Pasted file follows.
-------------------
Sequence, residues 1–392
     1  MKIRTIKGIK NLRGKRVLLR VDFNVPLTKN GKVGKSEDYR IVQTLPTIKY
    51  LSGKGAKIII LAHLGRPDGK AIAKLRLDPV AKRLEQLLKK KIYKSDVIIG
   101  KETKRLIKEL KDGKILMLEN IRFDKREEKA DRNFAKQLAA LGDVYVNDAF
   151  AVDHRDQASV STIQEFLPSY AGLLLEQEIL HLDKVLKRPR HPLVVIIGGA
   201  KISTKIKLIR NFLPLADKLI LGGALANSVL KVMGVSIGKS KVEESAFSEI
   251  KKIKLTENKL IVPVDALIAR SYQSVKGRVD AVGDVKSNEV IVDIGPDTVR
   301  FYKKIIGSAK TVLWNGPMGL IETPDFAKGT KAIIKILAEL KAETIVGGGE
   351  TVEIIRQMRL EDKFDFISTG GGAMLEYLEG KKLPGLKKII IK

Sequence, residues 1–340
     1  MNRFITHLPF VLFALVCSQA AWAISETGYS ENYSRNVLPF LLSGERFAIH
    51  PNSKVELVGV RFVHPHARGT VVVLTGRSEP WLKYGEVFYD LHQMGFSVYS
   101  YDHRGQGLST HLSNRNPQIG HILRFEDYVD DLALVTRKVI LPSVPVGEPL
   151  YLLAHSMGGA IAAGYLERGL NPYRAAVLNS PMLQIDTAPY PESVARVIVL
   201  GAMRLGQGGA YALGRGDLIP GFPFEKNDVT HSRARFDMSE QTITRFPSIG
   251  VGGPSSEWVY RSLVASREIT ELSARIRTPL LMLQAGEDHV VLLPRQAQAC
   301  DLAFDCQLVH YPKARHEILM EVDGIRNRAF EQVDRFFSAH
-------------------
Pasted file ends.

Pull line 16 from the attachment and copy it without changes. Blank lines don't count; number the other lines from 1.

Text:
   251  VGGPSSEWVY RSLVASREIT ELSARIRTPL LMLQAGEDHV VLLPRQAQAC